The humble squat is one of, if not the most, effective exercise you can perform whether you’re looking to build muscle, increase strength, or lose fat. However, this exercise is often performed incorrectly or avoided altogether. While this movement is undoubtedly hard, there are plenty of reasons you should include it in your workout routine right now. This article looks at the many benefits of the squat, and why it’s rightfully known as the king of all exercises.
Whenever you go to the gym, there will often be a fight for the last remaining benches, but the squat rack is often conspicuously empty (or being used by someone doing bicep curls!). It’s understandable in some ways. After all, squats are hard! After a heavy set, your lungs will be bursting, and your legs will feel like jelly. Rookies and experienced gym-goers alike are more likely to make a beeline for the leg-press machine, or conveniently get a flare-up of an old injury when it comes to leg day. If you can push yourself, however, then the benefits of squats will more than compensate for the discomfort. Here are a few reasons that, as long as you do them correctly, the humble barbell squat should be in your workout routine.
1. It’s a Compound, Whole-Body Exercise
Isolation exercises have their place, but if you’re looking to maximize your time in the gym and see some real increases in size and strength, then compound exercises, such as squats that work several muscle groups at once, are the smart choice. The legs contain the biggest muscles in your whole body, and a properly performed squat can work the quads, hamstrings, glutes, calves, and many more muscles—not to mention your core and back, which keep you stable during the movement. You’re not using your stabilizing muscles when using the leg press machine since leg extension, and hamstring curl machines only target a particular muscle group. From a time-saving perspective, why not work all of these muscles in one go?
2. It Can Boost Testosterone
It’s not just your lower body that will benefit if you perform this exercise correctly. Many studies have found that performing intense sets of squats will help give a boost to your natural testosterone production. Since this is the hormone that’s primarily responsible for building muscle in the body, this is a good thing. That’s why you might not think about it, but squats could indirectly help you add an inch or two, here and there, to your chest or arms. It’s not only in the gym that you’ll see benefits from elevated testosterone. It can also impact other areas of your life by fighting depression, increasing libido, and helping give you an overall sense of well-being.
3. It Will Torch Calories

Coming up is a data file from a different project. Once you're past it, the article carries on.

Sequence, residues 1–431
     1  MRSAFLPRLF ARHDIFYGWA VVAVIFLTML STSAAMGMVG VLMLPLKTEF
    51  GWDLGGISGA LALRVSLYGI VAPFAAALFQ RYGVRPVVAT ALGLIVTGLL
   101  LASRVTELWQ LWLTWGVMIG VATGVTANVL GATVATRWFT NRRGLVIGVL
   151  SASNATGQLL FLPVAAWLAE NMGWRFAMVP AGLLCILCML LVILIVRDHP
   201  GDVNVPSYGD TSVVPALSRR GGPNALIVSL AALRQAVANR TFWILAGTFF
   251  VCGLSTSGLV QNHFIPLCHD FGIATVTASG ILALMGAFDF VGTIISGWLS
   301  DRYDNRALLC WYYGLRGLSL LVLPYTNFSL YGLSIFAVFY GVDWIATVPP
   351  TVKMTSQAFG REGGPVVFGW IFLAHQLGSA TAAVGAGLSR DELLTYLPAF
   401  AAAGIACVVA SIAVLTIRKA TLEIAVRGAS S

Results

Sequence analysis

You might think that a few sets of sit-ups will give you those six-pack abs you’ve always dreamed of, but the truth is that definition comes from a low body-fat percentage. You can achieve that with compound exercises that burn a lot of calories. Squats recruit so many of your major muscle groups that they are ideal for burning calories, helping you lose weight, and staying ripped. A few intense sessions of squats will do more for your fat-loss goals than long sessions on the treadmill, or hundreds of crunches could ever do.
4. It Can Strengthen Joints and Prevent Injury
You’ve no doubt met someone who avoids squats because they fear injury. Perhaps, this is true for you as well. Well, as long as you’re sensible and stick to the correct form, squats can reduce the likelihood of injury rather than cause it. The proper squat involves getting to a low enough point where your legs are at least parallel with the ground (i.e., a 90-degree angle) and, if possible, even lower until your glutes are almost touching the ground. While injury or a lack of flexibility might prevent people from achieving maximum depth on the squat, proper warming up and stretching should allow you to get to at least parallel. Stopping at a very shallow depth, however, can put more stress on the joints and put too much stress on the quads, while neglecting other muscle groups. You’ve no doubt seen babies unknowingly performing technically correct squats with ease, so it’s hard to argue that it’s an unnatural or dangerous movement.
5. It Gives You Functional Strength
While it’s true that many exercises are mainly concerned with improving your appearance, movements such as squats are beneficial to your daily life in a way few others are. While you may be happy to work out mainly for aesthetics or strength in a few specific movements, why not kill two birds with one stone and choose an exercise that’s useful outside the gym? Especially as you age, you’ll probably be looking for workouts that will improve your quality of life. Simple acts, such as getting out of a chair unaided or lifting a heavy box, can be a struggle for many people, but you can train for these real-world movements via the squat.
Once you decide to include the squat in your workout routine, focus on proper technique to get the most out of this great exercise. From boosting testosterone and building muscle all over, to efficiently burning calories and even helping to prevent injury, there’s a reason that the squat is known as the king of exercises in bodybuilding and strength-training circles.